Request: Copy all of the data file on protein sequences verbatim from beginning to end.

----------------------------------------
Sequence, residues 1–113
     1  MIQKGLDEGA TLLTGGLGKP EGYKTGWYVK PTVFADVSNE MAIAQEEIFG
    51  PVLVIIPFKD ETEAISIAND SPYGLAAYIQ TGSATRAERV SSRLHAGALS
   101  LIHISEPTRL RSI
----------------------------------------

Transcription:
Sequence, residues 1–113
     1  MIQKGLDEGA TLLTGGLGKP EGYKTGWYVK PTVFADVSNE MAIAQEEIFG
    51  PVLVIIPFKD ETEAISIAND SPYGLAAYIQ TGSATRAERV SSRLHAGALS
   101  LIHISEPTRL RSI